Miners get help in fight against disease

Updated: 2012-04-25 07:59

By He Na (China Daily)

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Operation to cure black lung offers new hope, reports He Na in Beidaihe.

Mid-April is still low season for Beidaihe in Hebei province, a costal resort where many sanatoriums are situated. Almost all the hotels offer big discounts, but the area still appears deserted.

However, there's plenty of activity at the Sanatorium of Chinese Coal Miners, where people keep coming and going. However, these aren't tourists, but patients seeking treatment at the Black-Lung Disease Rehabilitation Center, affiliated to the State Administration of Coal Mine Safety.

Miners get help in fight against disease

Ma Weishan from Qinghai province stands in front of an x-ray of his chest. Ma was diagnosed with second-stage black lung disease after working in a gold mine in Gansu province for three years. Zou Hong / China Daily 

It's the first hospital in China to have created and carried out the most effective treatment for the disease, massive lavage, flushing out of the lungs.

Workers exposed to dust in coal mines, potteries and gemstone factories run an increased risk of contracting the disease, which has a high fatality rate. Workers inhale large quantities of ash that remain in the lungs and can cause extensive scarring and fibrosis many years later.

The main symptom of the disease, which is divided into three distinct stages, is chronic shortness of breath. "There's no effective treatment, so far. For first and second-stage patients, whole-lung lavage is the best approach. But for terminal patients, we have no treatment because the lingering effects lead to inflammation and other complications," said Duan Jianyong, deputy director of the black-lung division of the center.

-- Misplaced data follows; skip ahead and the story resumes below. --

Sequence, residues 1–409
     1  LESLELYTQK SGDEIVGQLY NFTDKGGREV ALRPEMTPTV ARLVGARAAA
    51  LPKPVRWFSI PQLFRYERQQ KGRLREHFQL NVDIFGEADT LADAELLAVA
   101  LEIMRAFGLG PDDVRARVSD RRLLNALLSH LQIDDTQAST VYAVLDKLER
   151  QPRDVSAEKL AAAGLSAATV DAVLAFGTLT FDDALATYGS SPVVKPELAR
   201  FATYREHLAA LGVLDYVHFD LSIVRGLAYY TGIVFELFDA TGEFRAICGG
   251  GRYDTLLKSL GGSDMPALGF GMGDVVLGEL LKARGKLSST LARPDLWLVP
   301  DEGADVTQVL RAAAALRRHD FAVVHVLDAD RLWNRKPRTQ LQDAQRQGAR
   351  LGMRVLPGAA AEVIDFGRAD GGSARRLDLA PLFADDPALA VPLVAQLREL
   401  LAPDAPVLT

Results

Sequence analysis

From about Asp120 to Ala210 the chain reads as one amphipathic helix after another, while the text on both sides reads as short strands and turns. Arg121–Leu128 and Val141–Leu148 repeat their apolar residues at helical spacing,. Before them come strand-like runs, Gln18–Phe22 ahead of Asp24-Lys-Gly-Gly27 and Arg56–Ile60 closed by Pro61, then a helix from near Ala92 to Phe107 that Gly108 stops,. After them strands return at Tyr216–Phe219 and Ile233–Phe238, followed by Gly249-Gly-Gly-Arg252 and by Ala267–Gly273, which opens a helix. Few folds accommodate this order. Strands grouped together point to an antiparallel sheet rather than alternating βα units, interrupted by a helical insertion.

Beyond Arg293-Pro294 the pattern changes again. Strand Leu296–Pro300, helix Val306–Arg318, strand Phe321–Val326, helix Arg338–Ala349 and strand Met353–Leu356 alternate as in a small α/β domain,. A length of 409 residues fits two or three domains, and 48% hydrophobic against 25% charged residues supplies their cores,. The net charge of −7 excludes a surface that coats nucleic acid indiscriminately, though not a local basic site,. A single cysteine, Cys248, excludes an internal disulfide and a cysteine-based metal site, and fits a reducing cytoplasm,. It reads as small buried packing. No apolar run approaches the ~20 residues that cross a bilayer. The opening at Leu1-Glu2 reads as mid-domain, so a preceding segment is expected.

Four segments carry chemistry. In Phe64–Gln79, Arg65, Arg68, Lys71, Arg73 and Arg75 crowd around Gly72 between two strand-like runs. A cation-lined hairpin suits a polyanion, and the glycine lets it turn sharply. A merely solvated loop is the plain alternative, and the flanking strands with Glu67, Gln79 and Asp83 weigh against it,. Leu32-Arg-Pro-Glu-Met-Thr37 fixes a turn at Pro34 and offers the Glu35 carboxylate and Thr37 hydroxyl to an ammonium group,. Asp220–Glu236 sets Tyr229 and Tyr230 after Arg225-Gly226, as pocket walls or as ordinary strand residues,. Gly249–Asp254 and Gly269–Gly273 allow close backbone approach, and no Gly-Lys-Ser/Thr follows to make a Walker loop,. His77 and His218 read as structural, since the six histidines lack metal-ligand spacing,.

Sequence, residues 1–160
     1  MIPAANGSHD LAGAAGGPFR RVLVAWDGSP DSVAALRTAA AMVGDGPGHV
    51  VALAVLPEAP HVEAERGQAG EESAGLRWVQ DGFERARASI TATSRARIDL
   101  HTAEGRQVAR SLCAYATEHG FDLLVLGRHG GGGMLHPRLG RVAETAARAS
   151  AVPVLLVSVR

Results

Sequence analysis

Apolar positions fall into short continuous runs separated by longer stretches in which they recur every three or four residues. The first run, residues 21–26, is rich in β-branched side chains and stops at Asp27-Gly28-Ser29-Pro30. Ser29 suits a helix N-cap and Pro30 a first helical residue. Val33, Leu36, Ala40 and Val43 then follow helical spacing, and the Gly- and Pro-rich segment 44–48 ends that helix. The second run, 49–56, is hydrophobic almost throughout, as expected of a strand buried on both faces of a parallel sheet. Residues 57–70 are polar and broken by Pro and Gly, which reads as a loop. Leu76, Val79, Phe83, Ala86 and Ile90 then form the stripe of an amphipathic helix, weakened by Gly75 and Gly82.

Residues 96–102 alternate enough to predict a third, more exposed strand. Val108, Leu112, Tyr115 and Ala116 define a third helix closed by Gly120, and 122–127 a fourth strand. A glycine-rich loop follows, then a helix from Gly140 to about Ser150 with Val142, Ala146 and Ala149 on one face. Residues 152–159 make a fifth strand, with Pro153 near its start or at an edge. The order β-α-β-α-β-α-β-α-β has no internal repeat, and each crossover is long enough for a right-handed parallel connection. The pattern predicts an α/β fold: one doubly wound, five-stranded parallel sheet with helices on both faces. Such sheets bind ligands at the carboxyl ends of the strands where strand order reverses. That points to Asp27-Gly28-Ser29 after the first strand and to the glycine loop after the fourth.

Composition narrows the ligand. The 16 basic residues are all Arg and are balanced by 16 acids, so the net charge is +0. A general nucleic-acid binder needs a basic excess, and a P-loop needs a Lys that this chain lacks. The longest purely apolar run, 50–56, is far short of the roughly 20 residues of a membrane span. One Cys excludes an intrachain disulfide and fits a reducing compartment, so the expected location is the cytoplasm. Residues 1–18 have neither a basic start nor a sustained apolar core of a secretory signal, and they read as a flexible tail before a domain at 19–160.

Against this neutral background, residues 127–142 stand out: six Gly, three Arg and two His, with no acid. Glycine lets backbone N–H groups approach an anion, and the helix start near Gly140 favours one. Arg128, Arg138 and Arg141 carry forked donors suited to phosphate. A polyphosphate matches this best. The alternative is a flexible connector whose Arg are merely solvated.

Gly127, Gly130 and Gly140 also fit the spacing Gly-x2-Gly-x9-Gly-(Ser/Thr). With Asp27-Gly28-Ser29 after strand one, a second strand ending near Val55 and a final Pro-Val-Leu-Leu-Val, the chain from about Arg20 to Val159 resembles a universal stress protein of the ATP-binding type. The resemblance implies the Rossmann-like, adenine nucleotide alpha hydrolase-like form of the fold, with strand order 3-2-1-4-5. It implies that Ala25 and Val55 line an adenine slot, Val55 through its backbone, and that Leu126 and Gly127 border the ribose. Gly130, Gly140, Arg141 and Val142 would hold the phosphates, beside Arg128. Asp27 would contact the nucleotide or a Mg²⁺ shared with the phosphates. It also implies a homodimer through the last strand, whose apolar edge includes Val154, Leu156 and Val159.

Miners get help in fight against disease

Statistics from the Ministry of Health show that more than 653,000 people had the disease at the end of 2009, but NGOs and experts in the field said the true figure is likely to be much higher, because most workers in private mines don't undergo regular physical checks.

Although the operations are carried out six days a week, more than 100 people are still awaiting treatment. Zhang Zhenguo, the director, said that the center has carried out more than 7,000 operations since 1991. Last year 1,059 patients were treated.

In recent years, mining accidents have provoked great public concern in China. However, despite being low-profile, black lung disease is a bigger cause of employee deaths. Data from a National Conference on Coal Mine Black Lung Disease show that 2.65 million people work in China's coal mines. All are regularly exposed to dust particles and approximately 57,000 contract black lung disease every year, resulting in a death toll of about 6,000, twice the number caused by production accidents.

Many patients travel long distances to attend the center. Ma Weishan, 41, from Minhe county in Qinghai province, has made the longest journey. He was diagnosed with second-stage black lung after working in a gold mine in Gansu province for three years. Ma's condition was diagnosed in 2006, along with 60 of his fellow villagers. Some were second-stage like Ma, but a few were diagnosed as third-stage.

Ma hasn't been able to work since he was diagnosed. As the main breadwinner and the father of two children, his condition has brought hardship to the family. Ma and the other villagers diagnosed with black lung traveled to Gansu to seek compensation from the mine owner, but he refused to acknowledge that they had worked for him. That meant they could not claim compensation from the owner or receive injury insurance funds. "We went to Gansu many times, but did not get a penny. Finally, we couldn't even afford the transport and had to give up," said Ma.

The majority of the workers have received no treatment and some of those with third-stage black lung have now died. "In my elderly neighbor's home, their three sons all died last year. I will never forget the scene when the youngest, only in his early 30s, stopped breathing. He was kneeling at the time, because people with this condition can't breathe if they lie down and find more relief if they kneel. If I don't receive treatment, I'll be next," he said.

Ma borrowed about 20,000 yuan ($3,170) from relatives and headed to Beidaihe for the operation.

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